Research Repository

Short-term exposure to mobile phone base station signals does not affect cognitive functioning or physiological measures in individuals who report sensitivity to electromagnetic fields and controls

Eltiti, S and Wallace, D and Ridgewell, A and Zougkou, K and Russo, R and Sepulveda, F and Fox, E (2009) 'Short-term exposure to mobile phone base station signals does not affect cognitive functioning or physiological measures in individuals who report sensitivity to electromagnetic fields and controls.' Bioelectromagnetics, 30 (7). 556 - 563. ISSN 0197-8462

Full text not available from this repository.

Abstract

Individuals who report sensitivity to electromagnetic fields often report cognitive impairments that they believe are due to exposure to mobile phone technology. Previous research in this area has revealed mixed results, however, with the majority of research only testing control individuals. Two studies using control and self-reported sensitive participants found inconsistent effects of mobile phone base stations on cognitive functioning. The aim of the present study was to clarify whether short-term (50 min) exposure at 10 mW/m2 to typical Global System for Mobile Communication (GSM) and Universal Mobile Telecommunications System (UMTS) base station signals affects attention, memory, and physiological endpoints in sensitive and control participants. Data from 44 sensitive and 44 matched-control participants who performed the digit symbol substitution task (DSST), digit span task (DS), and a mental arithmetic task (MA), while being exposed to GSM, UMTS, and sham signals under double-blind conditions were analyzed. Overall, cognitive functioning was not affected by short-term exposure to either GSM or UMTS signals in the current study. Nor did exposure affect the physiological measurements of blood volume pulse (BVP), heart rate (HR), and skin conductance (SC) that were taken while participants performed the cognitive tasks. © 2009 Wiley-Liss, Inc.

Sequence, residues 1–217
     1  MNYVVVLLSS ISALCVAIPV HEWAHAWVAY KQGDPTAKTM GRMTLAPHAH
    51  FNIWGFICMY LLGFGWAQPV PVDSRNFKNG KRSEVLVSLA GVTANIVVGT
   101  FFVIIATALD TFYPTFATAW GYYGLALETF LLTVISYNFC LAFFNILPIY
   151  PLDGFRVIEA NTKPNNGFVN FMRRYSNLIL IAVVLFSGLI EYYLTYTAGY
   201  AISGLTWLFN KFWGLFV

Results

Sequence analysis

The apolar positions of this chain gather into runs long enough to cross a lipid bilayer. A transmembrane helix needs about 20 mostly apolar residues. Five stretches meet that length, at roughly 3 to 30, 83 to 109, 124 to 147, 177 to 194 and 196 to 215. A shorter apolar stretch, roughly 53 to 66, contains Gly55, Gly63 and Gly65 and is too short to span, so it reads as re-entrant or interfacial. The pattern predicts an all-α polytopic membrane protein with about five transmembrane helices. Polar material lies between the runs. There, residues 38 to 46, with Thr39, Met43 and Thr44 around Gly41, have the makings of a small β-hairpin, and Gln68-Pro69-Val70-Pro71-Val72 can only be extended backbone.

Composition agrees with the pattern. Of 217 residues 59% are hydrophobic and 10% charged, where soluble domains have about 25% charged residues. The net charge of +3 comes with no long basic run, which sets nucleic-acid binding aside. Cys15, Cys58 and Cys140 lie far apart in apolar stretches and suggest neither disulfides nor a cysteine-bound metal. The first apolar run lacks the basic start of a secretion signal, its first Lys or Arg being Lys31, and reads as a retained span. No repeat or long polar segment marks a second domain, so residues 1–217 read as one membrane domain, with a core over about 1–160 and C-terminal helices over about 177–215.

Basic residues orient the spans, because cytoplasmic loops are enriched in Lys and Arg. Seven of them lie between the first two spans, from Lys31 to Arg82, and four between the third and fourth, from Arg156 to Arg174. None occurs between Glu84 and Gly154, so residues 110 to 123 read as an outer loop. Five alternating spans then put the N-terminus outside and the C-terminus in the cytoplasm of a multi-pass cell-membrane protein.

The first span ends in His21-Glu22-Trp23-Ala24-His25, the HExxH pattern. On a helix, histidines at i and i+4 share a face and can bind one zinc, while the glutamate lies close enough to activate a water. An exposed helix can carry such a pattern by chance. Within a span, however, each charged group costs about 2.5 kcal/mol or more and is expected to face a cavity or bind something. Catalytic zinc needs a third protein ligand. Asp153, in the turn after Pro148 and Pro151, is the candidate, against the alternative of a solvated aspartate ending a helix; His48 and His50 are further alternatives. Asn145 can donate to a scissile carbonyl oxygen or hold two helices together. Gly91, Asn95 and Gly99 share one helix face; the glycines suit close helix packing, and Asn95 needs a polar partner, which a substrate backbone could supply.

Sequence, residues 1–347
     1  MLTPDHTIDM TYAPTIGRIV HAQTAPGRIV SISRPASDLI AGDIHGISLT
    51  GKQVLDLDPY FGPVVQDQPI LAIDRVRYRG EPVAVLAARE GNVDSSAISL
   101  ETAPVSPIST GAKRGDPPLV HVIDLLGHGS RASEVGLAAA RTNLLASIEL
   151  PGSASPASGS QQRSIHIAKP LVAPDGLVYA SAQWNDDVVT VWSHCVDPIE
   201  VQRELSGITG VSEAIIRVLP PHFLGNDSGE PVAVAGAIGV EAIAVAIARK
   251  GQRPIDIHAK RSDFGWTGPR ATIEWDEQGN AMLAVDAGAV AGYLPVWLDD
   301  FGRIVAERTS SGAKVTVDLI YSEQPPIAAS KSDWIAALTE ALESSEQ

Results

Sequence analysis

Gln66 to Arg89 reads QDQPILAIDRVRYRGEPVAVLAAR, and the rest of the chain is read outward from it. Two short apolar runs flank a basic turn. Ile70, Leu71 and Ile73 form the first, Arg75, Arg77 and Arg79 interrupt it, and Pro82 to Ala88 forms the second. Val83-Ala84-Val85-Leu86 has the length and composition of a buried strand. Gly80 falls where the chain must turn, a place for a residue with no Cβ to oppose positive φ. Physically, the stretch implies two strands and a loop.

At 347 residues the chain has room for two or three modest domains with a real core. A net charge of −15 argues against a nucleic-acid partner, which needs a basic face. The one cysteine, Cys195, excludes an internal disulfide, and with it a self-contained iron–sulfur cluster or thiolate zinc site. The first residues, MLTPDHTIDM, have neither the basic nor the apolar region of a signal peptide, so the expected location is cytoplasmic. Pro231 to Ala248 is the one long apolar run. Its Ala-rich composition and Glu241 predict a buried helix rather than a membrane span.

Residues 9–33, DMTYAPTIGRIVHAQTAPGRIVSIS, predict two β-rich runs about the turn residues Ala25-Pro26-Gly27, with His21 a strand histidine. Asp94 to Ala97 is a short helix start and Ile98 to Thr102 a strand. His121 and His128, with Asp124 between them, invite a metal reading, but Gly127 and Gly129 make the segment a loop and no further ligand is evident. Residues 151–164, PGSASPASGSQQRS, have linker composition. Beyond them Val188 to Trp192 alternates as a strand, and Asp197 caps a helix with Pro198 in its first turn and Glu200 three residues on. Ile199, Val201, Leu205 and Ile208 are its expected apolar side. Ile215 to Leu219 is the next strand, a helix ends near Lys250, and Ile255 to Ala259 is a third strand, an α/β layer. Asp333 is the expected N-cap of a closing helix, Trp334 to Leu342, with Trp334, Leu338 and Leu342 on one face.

Item Type: Article
Subjects: B Philosophy. Psychology. Religion > BF Psychology
Divisions: Faculty of Science and Health > Computer Science and Electronic Engineering, School of
Faculty of Science and Health > Psychology, Department of
Depositing User: Jim Jamieson
Date Deposited: 12 Nov 2011 19:18
Last Modified: 23 Jan 2019 01:15
URI: http://repository.essex.ac.uk/id/eprint/1223

Actions (login required)

View Item View Item